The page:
Many believe that athletes are at risk of the greatest injury while playing on the field, but one of the most common killers of student athletes is silent. The first sign of sudden cardiac arrest in young athletes is often sudden death and then it’s too late. When news circulates about the tragic death of a young athlete, many parents are left wondering: What can I do to lower my child’s risk of sudden cardiac death?
On April 4th–as Indianapolis plays hosts to the NCAA Final Four–Riley Hospital for Children at IU Health, Giving Hearts a Hand, Simons Fund and Screen Across America will come together at Crispus Attucks Medical Magnet School from 10 am to 2 pm to offer local youth, ages 13 to 19, a free echocardiogram (cardiac ultrasound) and EKG screening to evaluate the student’s risk for sudden cardiac death. The 15-minute process is a non-invasive way to rule out the major cardiac conditions that can affect young athletes. But student participants aren’t required to be athletes-sudden cardiac arrest can happen on the playground just as easily as the playing field.
Basketball players are at a higher risk for cardiac arrest. So are certain ethnic groups. The most common cause is an abnormal thickening of the heart, called Hypertrophic Cardiomyopathy. It causes half of the sudden death cases involving young athletes. But there are other abnormalities that can cause the heart to go into a dangerous and often deadly irregular rhythm, including Marfan Syndrome, Aortic Stenosis and Mitral Valve Prolapse.
“Among young athletes the risk of sudden cardiac arrest can be considered rare, but when it does occur, it is very tragic with a very low survival rate,” says Dr. Edward Harlamert, a cardiologist with IU Health and physician director of the Echoes for Athletes program. “One of the most important things to know is that a significant number of the processes or diseases can run in families. With the appropriate therapy, these diseases can be managed and the athletes can continue to participate in sports.”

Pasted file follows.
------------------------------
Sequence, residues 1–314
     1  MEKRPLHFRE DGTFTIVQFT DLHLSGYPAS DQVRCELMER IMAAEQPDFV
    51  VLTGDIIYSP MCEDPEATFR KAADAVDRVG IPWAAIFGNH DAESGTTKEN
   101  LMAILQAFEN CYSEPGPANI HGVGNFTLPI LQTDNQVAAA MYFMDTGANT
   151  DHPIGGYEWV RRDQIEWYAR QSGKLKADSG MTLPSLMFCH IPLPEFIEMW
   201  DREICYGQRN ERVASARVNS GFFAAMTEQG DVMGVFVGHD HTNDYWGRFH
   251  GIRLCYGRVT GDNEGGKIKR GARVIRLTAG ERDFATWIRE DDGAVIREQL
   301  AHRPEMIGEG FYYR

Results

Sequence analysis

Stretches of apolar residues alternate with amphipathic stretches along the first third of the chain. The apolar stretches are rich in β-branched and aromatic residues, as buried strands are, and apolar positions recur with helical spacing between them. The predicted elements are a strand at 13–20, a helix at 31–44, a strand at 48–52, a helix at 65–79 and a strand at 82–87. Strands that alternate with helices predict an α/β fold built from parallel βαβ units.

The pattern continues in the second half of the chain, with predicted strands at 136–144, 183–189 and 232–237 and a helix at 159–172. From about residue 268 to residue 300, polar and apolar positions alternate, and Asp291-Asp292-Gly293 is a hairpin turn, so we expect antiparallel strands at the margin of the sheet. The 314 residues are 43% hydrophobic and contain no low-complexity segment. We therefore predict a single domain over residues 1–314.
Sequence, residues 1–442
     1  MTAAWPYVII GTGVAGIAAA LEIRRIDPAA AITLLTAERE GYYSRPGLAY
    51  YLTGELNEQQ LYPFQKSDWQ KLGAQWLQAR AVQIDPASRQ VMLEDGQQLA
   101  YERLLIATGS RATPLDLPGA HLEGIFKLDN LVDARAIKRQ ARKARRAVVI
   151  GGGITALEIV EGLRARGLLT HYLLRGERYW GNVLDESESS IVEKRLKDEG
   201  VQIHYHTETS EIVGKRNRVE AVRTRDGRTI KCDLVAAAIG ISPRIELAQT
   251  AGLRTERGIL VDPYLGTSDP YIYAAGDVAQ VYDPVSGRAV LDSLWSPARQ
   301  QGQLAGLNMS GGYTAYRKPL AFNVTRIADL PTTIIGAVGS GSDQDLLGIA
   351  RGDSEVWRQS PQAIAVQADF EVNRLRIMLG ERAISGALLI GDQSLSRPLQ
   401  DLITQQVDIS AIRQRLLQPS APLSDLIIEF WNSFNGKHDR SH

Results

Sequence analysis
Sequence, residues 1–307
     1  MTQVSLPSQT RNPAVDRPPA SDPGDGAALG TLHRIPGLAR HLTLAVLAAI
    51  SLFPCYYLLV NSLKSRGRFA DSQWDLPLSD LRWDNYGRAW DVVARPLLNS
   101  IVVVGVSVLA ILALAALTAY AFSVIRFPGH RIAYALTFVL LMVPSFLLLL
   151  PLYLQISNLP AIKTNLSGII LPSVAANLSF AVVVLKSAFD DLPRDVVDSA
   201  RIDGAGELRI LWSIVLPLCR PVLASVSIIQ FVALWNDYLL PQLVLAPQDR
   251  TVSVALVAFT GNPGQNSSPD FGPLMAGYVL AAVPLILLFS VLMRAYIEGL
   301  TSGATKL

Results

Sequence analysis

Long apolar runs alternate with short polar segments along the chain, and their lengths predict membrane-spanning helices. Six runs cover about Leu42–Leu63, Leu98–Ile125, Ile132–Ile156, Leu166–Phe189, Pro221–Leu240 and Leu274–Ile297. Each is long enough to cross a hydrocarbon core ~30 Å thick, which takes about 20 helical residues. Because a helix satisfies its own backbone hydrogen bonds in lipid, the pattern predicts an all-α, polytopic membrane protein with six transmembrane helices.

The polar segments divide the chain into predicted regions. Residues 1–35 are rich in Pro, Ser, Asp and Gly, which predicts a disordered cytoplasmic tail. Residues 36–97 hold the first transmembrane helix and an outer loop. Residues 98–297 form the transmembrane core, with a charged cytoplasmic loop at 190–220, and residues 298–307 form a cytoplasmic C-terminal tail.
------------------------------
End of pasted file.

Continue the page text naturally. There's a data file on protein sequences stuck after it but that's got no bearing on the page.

An echocardiogram, or “Echo”, is an ultrasound of a heart, explains Laura Combs, program director of IU Health’s Echoes for Athletes. “It’s just like the ultrasound they do of babies, same technology. Using a probe and some water-based gel, we look for certain parameters that could be linked to sudden cardiac death.”
An echo measures the shape, size and internal structure of the heart while an EKG measure’s the heart’s electrical efficiency. Involving clinicians experienced at reading pediatric electrocardiograms is the key to a reliable screening. The April 4th screening event will be conducted by cardiologists and echo techs from Riley Hospital for Children.
Families interested in participating in the April 4th screening are encouraged to register early. Appointment times are available by logging onto: www.simonsfund.org . Click on the Crispus Attucks (April 4th) location and complete the consent and registration process.